Sumter Mayor Joseph T. McElveen Jr. said in a statement about Hurricane Florence that local officials and first responders are meeting several times each day to review the forecasts and plan accordingly. He noted city employees’ work to clear out the storm water drainage system, especially “those areas that we know are subject to flooding.”
“I want to emphasize that the city, county, school district and our state legislative delegation are working together to assure that all resources we may need will be available,” he said in the statement. “At this time, plan for very strong winds and a significant amount of rain. You need to be prepared for both. The city is prepared to order evacuation in areas with a history of severe flooding. This will be done as a last resort and only for the purpose of saving the lives of those residents and our first responders.
“For those that may consider evacuation please gather important items that you may need to take with you. Suggestions are food, special diet items, pillow/blanket, special medications, baby formula and diapers if required. Please remember that pets, weapons and alcoholic beverages are prohibited in the shelters.
“If you have any questions, you may call our non-emergency line at 803-436-2700. As always, in case of emergency, please dial 911.”
Heavy rain bands with tropical storm-force winds are spreading across the Outer Banks and coastal southeastern North Carolina, according to the 11 a.m. National Hurricane Center advisory.
The center of Florence is located about 195 miles east or Myrtle Beach with maximum sustained winds of 105 miles per hour. It is heading northwest at 17 mph.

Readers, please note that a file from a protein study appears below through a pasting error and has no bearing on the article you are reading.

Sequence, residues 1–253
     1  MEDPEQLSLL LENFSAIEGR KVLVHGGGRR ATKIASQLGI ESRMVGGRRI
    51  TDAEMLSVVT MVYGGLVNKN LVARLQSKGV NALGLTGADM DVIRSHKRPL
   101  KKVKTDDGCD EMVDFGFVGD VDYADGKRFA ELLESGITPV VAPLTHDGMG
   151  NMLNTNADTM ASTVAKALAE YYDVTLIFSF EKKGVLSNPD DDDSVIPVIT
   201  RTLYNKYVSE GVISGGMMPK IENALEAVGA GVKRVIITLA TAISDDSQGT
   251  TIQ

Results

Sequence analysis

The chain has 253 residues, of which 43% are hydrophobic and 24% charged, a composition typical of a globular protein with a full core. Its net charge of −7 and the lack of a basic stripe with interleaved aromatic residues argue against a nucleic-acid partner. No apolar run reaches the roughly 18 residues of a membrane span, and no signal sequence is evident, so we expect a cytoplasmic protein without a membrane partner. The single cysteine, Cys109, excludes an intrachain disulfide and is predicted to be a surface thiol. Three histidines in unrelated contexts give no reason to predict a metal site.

Shaw Air Force Base is now at Hurricane Condition 2 (HURCON2), which indicates winds of 58 miles per hour or greater are possible within 24 hours.
The change in HURCON follows Gov. Henry McMaster’s declaration of a state of emergency for South Carolina in preparation for Hurricane Florence.
Shaw is continuing to operate under mission-essential reporting duty status, which mean only mission-essential personnel should report for work through Friday.
The main gate will maintain normal operating hours through Friday. The 441 Gate and the Sumter Gate are closed to inbound and outbound traffic.
The first bands from Hurricane Florence, which has been downgraded to a Category 2 storm but has grown in size, are moving onshore of the Outer Banks of North Carolina.
According to the National Hurricane Center’s 8 a.m. advisory, the storm was located about 220 miles east of Myrtle Beach and is moving northwest at 12 mph with maximum sustained winds of 110 mph.
“Florence is a large hurricane. Hurricane-force winds extend outward up to 80 miles from the center, and tropical storm-force winds extend outward up to 195 miles,” the advisory said.
The cone of the storm continues to look like it will come ashore near the North Carolina-South Carolina border, head toward the middle of South Carolina and then make a turn back to the northeast.